Potash & Perlmutter_ Their Copartnership Ventures and Adventures
Mr. Louis Mintz What Comes to Work by Us
P O T A S H &
P E R L M U T T E R
G R O S S E T & D U N L A P
PUBLISHERS :: NEW YORK
Copyright, 1909, by The Curtis Publishing Company
Copyright, 1910, byHoward E. Altemus
Copyrighted 1911, by Doubleday, Page &Company.
THE COUNTRY LIFE PRESS, GARDEN CITY, N. Y.
"No, siree, sir," Abe Potashexclaimed as he drew a check to the order of his attorney for a hundredand fifty dollars, "I would positively go it alone from now on till Idie, Noblestone. I got my stomach full with Pincus Vesell already, andif Andrew Carnegie would come to me and tell me he wants to go with meas partners together in the cloak and suit business, I would say 'No,'so sick and tired of partners I am."
For the twentieth time he examined the dissolution agreement which hadended the firm of Vesell & Potash, and then he sighed heavily andplaced the document in his breast pocket.
"Cost me enough, Noblestone, I could assure you," he said.
"A hundred and fifty ain't much, Potash, for a big lawyer like Feldman,"Noblestone commented.
Abe flipped his fingers in a gesture of deprecation.
"That is the least, Noblestone," he rejoined. "First and last I bet youI am out five thousand dollars on Vesell. That feller got an idee thatthere [Pg 8]ain't nothing to the cloak and suit business but auctionpinochle and taking out-of-town customers to the theayter. Hard work issomething which he don't know nothing about at all. He should of been inthe brokering business."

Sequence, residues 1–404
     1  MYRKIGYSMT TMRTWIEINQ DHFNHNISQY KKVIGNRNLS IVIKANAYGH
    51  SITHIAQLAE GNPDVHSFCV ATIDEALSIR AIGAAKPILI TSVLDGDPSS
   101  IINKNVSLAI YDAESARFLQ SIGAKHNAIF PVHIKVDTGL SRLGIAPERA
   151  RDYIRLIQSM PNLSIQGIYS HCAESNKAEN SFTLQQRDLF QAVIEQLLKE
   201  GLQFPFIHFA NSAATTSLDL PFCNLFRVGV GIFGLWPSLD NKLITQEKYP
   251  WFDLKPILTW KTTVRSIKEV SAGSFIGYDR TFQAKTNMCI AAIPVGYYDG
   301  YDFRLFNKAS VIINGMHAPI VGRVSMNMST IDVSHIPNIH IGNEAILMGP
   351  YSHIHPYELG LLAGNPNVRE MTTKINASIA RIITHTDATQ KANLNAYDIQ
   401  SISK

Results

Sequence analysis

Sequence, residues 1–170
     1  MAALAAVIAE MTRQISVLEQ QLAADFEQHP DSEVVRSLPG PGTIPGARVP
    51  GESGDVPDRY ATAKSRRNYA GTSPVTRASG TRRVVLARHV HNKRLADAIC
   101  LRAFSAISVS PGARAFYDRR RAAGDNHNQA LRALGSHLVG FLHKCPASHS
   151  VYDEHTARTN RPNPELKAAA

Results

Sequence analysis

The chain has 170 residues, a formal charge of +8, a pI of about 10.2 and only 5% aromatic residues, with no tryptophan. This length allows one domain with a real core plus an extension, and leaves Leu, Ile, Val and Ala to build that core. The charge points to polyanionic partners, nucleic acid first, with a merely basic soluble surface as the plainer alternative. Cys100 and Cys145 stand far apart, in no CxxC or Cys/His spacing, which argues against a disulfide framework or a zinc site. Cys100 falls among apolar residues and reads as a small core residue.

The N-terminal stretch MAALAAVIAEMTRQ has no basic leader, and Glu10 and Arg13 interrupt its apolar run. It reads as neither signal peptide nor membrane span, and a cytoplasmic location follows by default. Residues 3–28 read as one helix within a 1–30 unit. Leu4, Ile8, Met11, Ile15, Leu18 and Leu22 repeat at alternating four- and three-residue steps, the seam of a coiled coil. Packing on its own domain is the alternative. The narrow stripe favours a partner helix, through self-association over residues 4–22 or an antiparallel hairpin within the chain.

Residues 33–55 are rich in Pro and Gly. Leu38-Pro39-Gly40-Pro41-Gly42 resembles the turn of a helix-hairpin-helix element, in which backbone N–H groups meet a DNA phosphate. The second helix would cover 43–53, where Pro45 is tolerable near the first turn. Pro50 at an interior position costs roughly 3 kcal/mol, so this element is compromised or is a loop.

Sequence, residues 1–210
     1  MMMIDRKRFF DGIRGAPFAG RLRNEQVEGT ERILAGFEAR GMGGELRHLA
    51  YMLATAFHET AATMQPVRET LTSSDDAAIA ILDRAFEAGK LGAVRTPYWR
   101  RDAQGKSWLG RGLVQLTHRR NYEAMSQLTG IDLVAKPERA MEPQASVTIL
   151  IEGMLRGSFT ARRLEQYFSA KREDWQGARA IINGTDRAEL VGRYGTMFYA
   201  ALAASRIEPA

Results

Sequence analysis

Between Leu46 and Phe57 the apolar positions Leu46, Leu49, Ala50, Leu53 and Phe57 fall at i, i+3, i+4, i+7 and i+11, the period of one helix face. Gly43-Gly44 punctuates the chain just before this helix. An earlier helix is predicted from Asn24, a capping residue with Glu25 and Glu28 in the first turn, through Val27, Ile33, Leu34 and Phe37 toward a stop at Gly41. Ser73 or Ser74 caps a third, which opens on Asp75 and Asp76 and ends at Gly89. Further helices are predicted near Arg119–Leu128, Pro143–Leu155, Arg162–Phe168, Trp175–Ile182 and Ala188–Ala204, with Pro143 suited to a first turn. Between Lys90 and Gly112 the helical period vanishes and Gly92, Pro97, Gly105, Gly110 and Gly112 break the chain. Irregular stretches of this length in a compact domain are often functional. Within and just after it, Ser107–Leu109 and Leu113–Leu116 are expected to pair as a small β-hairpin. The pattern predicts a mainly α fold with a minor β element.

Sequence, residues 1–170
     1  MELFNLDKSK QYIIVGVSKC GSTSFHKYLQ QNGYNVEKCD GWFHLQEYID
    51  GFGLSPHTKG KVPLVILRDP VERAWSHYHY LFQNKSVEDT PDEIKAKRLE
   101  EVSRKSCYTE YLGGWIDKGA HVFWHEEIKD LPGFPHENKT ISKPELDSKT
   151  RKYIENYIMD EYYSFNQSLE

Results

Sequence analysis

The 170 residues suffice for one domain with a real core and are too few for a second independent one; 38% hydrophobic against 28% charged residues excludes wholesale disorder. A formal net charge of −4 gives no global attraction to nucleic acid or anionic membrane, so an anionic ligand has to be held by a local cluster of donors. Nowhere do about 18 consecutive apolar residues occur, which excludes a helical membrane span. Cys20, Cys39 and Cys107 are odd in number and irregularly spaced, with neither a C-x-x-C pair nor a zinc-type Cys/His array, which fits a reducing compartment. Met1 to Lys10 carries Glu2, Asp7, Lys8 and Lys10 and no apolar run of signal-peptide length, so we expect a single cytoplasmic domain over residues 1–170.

"The brokering business ain't such a cinch neither," Noblestone retortedwith some show of indignation. "A feller what's in the brokeringbusiness has got his troubles, too, Potash. Here I've been trying tofind an opening for a bright young feller with five thousand dollarscash, y'understand, and also there ain't a better designer in thebusiness, y'understand, and I couldn't do a thing with the proposition.Always everybody turns me down. Either they got a partner already orthey're like yourself, Potash, they just got through with a partnerwhich done 'em up good."
"If you think Pincus Vesell done me up good, Noblestone," Potash said,"you are mistaken. I got better judgment as to let a lowlife like himget into me, Noblestone. I lost money by him, y'understand, but at thesame time he didn't make nothing neither. Vesell is one of them fellerswhat you hear about which is nobody's enemy but his own."
"The way he talks to me, Potash," Noblestone replied, "he ain't suchfriends to you neither."
"He hates me worser as poison," Abe declared fervently, "but that ain'tneither here nor there, Noblestone. I'm content he should be my enemy.He's the kind of feller what if we would part friends, [Pg 9]he wouldcome back every week and touch me for five dollars yet. The feller ain'tgot no money and he ain't got no judgment neither."
"But here is a young feller which he got lots of common sense and fivethousand dollars cash," Noblestone went on. "Only one thing which heain't got."
"I seen lots of them fellers in my time, Noblestone," he said."Everything about 'em is all right excepting one thing and that's alwaysa killer."
"Well, this one thing ain't a killer at all," Noblestone rejoined, "heknows the cloak and suit business from A to Z, and he's a first-class Anumber one feller for the inside, Potash, but he ain't no salesman."
"So long as he's good on the inside, Noblestone," Abe said, "it don't dono harm if he ain't a salesman, because there's lots of fellers in thecloak and suit business which calls themselves drummers, y'understandEvery week regular they turn in an expense account as big as a doctor'sbill already, and not only they ain't salesmen, Noblestone, but theydon't know enough about the inside work to get a job as assistantshipping clerk."